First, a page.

This poem's title foreshadows its major meaning. "A Poison Tree" is the title of the poem, and towards the conclusion, a "foe" sleeps "outstretched under a tree" (16) after eating the (potentially poisoned) apple that grows on it. The poison tree can be interpreted as a metaphor for what occurs when you are angry for an extended period of time. Isabella Bird, in her book Mid-Victorian Britain, comments on this same idea, saying that "an apple a day keeps the doctor away."
In addition to this meaning, there is also a symbolic reference being made here. In the poem, the sleeping man represents evil, which has been prevented from doing any more harm by keeping it locked up inside him. The tree, however, is dangerous because it releases its venom slowly through its leaves and seeds; thus, preventing it from killing anyone immediately but making it able to cause much damage over time.
Finally, the tree itself is also seen as a symbol of evil because of how it takes pleasure in causing pain to others. Isabella Bird again comments on this idea when she says that the poison tree is "evil with delight in tormenting others."
Thus, "a poison tree" is a metaphorical name for someone or something that causes harm out of anger. The original poem itself is a fairy tale written by Christina Rosetti. It was published in 1881 along with another of her poems, "The Lost Child".
The apple has numerous connotations in "The Poison Tree," indicating "wrath," "temptation," and "deception." The poem's narrator talks about harboring a grudge towards an opponent who has hurt him. Rather than facing his adversary, he hid and nursed his resentment. This poisoned mind caused him to make terrible decisions, such as killing another person. His wrongdoing was compounded by the fact that some people called him "a murderer."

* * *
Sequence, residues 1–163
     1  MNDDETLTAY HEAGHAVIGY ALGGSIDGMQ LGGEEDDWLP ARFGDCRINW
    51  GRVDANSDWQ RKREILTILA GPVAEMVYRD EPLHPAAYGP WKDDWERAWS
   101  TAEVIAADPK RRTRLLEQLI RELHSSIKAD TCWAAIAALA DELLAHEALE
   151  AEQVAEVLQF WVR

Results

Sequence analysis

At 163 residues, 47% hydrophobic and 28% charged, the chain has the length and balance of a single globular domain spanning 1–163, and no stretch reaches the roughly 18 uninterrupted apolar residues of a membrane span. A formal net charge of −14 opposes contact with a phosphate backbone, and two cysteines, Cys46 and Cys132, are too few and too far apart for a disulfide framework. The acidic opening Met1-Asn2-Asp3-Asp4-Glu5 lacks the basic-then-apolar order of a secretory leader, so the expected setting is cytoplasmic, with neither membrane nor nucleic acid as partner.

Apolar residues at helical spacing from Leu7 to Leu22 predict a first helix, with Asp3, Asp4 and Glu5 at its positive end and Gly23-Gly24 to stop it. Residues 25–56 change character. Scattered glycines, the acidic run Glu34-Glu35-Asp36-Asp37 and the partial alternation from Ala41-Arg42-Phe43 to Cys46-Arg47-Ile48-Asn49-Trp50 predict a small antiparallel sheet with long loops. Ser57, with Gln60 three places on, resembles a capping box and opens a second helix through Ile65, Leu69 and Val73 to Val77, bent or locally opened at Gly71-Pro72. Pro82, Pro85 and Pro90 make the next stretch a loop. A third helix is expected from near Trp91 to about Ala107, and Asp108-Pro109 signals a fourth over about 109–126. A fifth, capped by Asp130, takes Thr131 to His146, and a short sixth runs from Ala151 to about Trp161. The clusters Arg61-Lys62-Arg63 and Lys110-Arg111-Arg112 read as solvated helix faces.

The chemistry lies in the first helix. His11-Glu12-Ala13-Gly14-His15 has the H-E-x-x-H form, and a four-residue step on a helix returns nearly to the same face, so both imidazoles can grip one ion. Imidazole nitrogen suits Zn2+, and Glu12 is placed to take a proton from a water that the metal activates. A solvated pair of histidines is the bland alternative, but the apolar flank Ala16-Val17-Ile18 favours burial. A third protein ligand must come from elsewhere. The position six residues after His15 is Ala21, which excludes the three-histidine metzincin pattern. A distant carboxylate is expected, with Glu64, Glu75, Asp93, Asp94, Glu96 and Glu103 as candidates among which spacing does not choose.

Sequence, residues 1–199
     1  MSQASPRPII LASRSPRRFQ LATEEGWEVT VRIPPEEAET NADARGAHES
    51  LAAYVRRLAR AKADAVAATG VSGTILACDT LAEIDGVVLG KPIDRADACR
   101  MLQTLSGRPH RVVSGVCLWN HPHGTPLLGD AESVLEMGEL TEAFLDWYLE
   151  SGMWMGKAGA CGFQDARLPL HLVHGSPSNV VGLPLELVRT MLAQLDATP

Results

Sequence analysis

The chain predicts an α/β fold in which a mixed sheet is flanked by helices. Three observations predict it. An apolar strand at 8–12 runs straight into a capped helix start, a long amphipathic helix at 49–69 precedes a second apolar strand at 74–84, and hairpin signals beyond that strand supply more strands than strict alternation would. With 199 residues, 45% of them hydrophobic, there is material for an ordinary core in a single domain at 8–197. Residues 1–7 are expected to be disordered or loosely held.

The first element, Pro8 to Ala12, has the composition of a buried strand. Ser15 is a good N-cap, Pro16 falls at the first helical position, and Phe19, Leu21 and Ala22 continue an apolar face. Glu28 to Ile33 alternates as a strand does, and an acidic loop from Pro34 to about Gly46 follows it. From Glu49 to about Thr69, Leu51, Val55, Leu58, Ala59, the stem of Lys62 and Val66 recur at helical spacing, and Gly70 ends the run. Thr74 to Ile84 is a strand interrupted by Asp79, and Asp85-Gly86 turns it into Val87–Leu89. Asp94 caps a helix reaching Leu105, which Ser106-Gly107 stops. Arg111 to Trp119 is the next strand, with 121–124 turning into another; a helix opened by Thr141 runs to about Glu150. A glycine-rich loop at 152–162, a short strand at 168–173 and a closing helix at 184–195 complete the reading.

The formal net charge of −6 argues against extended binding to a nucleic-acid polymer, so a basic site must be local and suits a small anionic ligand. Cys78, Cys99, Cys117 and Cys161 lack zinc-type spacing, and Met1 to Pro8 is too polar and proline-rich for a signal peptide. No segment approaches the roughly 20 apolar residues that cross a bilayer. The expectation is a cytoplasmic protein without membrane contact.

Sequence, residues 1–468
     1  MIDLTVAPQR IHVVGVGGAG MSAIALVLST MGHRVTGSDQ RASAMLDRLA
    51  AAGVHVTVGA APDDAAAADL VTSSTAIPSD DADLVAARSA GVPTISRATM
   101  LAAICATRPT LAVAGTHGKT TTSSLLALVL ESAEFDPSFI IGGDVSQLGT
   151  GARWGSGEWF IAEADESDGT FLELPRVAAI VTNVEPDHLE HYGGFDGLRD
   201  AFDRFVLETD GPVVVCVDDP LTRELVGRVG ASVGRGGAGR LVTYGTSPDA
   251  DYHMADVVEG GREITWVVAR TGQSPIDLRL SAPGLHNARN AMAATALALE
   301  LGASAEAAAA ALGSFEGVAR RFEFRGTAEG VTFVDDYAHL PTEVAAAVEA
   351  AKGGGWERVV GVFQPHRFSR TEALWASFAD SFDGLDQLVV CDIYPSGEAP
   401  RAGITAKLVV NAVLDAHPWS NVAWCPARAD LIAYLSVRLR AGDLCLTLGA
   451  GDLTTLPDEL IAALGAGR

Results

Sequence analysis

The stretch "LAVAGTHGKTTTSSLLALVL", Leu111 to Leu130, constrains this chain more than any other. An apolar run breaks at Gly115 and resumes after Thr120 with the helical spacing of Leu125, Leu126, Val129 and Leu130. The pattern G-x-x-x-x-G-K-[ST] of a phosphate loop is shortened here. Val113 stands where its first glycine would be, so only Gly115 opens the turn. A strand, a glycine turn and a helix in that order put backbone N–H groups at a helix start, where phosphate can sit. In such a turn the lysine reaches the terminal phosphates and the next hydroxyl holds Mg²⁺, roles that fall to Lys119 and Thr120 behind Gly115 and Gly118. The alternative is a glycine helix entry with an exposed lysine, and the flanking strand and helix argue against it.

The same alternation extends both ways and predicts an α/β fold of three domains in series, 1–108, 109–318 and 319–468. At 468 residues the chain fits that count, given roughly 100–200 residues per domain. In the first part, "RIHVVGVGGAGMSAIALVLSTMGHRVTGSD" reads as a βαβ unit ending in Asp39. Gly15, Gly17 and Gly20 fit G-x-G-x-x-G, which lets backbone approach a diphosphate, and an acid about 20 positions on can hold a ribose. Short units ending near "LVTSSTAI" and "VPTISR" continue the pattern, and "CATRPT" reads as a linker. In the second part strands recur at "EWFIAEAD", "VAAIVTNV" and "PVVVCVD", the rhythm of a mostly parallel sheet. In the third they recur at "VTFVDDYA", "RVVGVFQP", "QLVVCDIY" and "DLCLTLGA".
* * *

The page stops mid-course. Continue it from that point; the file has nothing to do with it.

The apple also symbolizes temptation. The narrator describes how the devil came to him in the form of an attractive woman and offered him knowledge and wisdom. She would have done well to know him not because he was evil, but because he was human. He was capable of making choices just like anyone else. If he had listened to her, he might never have discovered his own strength or found salvation.
Finally, the apple represents deception. When the narrator looks into the mirror, he sees a handsome man who seems to have it all. However, when he glances over his shoulder, he sees that there is actually something wrong with him. His true appearance is hidden under a mask. He doesn't realize this at first, but once he does, he can no longer look at himself in the mirror.
One lesson of "A Poison Tree" is that if you hold onto your anger and fuel it, it will grow and damage someone—in this poem, it hurts an adversary, but it may also hurt the one who is furious. The poem is a long metaphor in which rage is compared to a tree. The tree can either be seen as poisonous or beneficial, depending on how you view it. If you see it as poisonous, then it shows that even though poison trees don't necessarily mean death, they can still be very harmful.
Another lesson from this poem is that hatred only grows over time. It starts out small and seems like nothing serious, but the more you think about it, the more you can see how important it is. This goes for people's feelings as well as trees' feelings when they are attacked. The angrier you get, the more damage you do to yourself and those around you.
Finally, the poem teaches us that there are many ways to handle something difficult. You can lash out at someone, let it consume you, or embrace what is meaningful and good about life. All things considered, holding onto your anger didn't do anyone any good. It may have caused some trouble for others, but not killing someone would have done that too. Embracing what is good about life helps put everything in perspective and gives you strength you need to move forward.